KV5003 - Human Computer Interaction

What will I learn on this module?

This module will introduce you to Human-Computer Interaction (HCI), a field of study focusing on the design of computer technology and, in particular, the interaction between humans (the users) and computers. It brings together multiple disciplines, such as computer science, the social sciences, design and human-factors engineering. In addition to the underlying principles and theories we will engage critically with contemporary HCI research.

Specific topics we will cover will include, but will not be limited to, the following:

• User-centred design lifecycle
• Understanding human capabilities (visual and auditory perception, ergonomics, cognitive models); Social models that inform interaction design, e.g., culture, communication, networks and organizations; Accessibility
• Understanding context: Requirements capture methods
• Understanding design: Usability heuristics and evaluation; User interface standards
• Interface paradigms and metaphors; Principles of good interface design
• Prototyping techniques for interface design
• Evaluation methods: expert appraisal and user-led

How will I learn on this module?

Students will learn through a combination of lectures about key principles, theories and topics in HCI, and practical classes (workshops) in which they will practice hands-on skills for user interface requirements elicitation, user-centred design, prototyping and evaluation. The module will be assessed in two ways through which students will gain both a critical understanding of the topic while developing demonstrable practical skills by submitting: (i) a reflective report on a contemporary HCI topic, using desk-based research including literature reviews; (ii) User-centred Design (UCD) Practical Work, including design artefacts, demonstrating a range of user-centred design skills. Students will also engage in peer communication and evaluation of each other’s work.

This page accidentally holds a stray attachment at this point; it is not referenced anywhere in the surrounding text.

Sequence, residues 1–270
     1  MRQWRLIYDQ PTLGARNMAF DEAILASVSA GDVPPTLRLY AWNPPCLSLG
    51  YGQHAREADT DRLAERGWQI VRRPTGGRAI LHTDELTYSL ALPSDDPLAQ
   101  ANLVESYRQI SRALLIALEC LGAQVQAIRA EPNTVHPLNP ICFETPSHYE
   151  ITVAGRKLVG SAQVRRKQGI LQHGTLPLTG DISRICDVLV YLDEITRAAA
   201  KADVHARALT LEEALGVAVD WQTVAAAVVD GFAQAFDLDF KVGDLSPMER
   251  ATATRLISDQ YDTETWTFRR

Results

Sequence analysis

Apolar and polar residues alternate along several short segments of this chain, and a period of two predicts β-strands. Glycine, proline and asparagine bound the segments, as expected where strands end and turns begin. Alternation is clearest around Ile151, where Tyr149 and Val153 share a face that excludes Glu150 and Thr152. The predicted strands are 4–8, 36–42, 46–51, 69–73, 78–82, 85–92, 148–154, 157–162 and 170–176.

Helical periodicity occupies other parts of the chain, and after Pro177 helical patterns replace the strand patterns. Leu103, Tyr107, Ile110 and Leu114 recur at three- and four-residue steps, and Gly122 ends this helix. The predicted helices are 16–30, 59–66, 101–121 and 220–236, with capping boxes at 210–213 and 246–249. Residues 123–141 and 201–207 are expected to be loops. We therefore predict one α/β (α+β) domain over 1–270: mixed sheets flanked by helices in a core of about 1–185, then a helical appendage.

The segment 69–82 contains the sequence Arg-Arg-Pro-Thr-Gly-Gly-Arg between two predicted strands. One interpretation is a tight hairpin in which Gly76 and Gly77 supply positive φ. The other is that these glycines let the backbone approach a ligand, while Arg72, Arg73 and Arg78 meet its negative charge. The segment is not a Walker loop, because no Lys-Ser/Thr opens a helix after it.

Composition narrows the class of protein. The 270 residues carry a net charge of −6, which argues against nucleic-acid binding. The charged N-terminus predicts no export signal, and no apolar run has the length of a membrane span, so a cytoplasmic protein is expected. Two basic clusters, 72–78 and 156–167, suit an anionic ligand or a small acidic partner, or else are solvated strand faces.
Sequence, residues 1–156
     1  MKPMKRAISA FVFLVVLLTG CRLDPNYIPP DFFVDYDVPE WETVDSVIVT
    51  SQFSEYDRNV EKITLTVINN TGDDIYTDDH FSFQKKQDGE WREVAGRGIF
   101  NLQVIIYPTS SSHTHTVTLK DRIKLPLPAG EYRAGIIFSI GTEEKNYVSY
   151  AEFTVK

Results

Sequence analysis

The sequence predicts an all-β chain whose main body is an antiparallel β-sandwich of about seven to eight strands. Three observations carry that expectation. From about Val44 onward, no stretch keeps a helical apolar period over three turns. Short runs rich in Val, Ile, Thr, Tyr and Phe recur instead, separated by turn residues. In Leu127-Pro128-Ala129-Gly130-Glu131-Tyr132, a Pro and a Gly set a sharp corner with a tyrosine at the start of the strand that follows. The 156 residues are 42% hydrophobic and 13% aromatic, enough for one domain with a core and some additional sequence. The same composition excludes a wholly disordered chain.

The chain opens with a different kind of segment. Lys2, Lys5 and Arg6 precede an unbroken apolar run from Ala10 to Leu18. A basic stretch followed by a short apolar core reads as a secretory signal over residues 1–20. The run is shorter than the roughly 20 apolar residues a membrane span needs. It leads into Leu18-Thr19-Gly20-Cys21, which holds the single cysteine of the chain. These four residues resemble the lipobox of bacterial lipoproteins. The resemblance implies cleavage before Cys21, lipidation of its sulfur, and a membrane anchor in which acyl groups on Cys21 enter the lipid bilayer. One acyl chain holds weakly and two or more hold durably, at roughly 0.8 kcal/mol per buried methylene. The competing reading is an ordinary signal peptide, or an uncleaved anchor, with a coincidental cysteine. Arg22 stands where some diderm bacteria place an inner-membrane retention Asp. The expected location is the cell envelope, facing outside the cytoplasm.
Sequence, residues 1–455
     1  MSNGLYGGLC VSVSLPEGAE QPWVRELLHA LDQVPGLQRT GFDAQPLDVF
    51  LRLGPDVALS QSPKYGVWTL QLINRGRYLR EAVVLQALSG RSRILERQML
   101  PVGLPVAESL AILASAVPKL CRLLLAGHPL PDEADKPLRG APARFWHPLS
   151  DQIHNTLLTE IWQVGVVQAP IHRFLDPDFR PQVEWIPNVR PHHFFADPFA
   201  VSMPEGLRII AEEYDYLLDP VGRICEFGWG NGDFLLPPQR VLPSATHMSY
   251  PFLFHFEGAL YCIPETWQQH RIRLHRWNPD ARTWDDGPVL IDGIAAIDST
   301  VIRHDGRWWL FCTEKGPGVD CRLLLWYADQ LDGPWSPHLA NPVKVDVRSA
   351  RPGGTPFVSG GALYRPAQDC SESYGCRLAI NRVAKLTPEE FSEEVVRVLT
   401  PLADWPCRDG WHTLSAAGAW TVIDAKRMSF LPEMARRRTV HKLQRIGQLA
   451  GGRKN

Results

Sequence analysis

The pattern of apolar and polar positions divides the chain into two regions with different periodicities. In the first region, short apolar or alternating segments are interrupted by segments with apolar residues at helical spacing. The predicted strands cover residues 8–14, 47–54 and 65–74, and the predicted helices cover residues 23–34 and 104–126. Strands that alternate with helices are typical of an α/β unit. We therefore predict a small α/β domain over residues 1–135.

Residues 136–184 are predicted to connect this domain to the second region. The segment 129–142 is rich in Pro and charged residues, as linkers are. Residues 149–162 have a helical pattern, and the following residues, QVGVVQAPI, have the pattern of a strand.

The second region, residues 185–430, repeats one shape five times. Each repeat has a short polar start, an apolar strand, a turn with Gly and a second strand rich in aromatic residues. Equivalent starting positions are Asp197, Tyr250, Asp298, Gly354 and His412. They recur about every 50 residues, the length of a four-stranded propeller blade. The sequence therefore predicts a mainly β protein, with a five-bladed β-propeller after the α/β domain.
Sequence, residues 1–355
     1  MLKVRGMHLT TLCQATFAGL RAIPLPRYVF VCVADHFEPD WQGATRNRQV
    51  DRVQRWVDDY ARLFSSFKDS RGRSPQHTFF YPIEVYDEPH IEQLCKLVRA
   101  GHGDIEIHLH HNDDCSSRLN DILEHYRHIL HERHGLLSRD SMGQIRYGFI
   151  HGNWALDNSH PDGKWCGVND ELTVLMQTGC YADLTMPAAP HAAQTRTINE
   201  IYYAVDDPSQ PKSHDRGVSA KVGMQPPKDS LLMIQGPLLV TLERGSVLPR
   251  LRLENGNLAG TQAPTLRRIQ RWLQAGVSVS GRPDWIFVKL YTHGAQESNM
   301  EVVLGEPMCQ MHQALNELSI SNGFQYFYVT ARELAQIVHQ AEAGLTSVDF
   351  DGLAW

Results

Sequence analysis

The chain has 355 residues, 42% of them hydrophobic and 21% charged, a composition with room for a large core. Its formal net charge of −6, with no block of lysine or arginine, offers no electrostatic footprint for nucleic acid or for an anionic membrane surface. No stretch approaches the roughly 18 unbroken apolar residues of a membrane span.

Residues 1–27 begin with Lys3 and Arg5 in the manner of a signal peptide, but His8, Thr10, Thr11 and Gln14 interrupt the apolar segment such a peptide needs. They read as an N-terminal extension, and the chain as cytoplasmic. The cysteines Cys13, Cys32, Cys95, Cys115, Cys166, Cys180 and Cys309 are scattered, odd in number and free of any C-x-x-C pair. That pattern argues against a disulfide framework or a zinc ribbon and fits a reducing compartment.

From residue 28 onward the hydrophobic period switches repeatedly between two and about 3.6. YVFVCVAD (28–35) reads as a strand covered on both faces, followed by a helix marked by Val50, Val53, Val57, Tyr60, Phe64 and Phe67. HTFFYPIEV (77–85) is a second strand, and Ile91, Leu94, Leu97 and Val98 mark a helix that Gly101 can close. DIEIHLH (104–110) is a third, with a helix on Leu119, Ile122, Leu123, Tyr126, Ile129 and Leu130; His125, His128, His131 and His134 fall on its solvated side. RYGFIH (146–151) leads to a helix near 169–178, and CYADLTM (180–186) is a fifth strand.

How will I be supported academically on this module?

Support will be provided by a range of academic and professional support staff, including:

• The designated Module tutor. The module tutor may have other staff working with them on the module. With the module team, they will provide support for students including answering student queries and providing guidance in relation to the module, including its assessment and the student’s academic progress. You can seek support in-class and can also request it outside of class time via appointment (see ‘Communication with staff’)
• Professional support staff (including the Student Support Team) – the staff in the faculty office provide a first point of contact for a range of queries, including, for example, those concerning assessment submission, late submission / extensions, enrolment and visa related problems
• Communication with staff – this is supported in a number of ways, including:
• Email – you will be able to contact members of staff via email
• eLearning Portal (eLP) - this is used to provide you with specific information related to the module, such as copies of lecture and seminar handouts, assignment briefings, instructions, and announcements
• Appointments - members of staff operate an open-door policy. However, as academic staff may teach on many modules/programmes and be engaged in research activities, you are advised to make an appointment to see them.

What will I be expected to read on this module?

All modules at Northumbria include a range of reading materials that students are expected to engage with. The reading list for this module can be found at: http://readinglists.northumbria.ac.uk
(Reading List service online guide for academic staff this containing contact details for the Reading List team – http://library.northumbria.ac.uk/readinglists)

What will I be expected to achieve?

Knowledge & Understanding: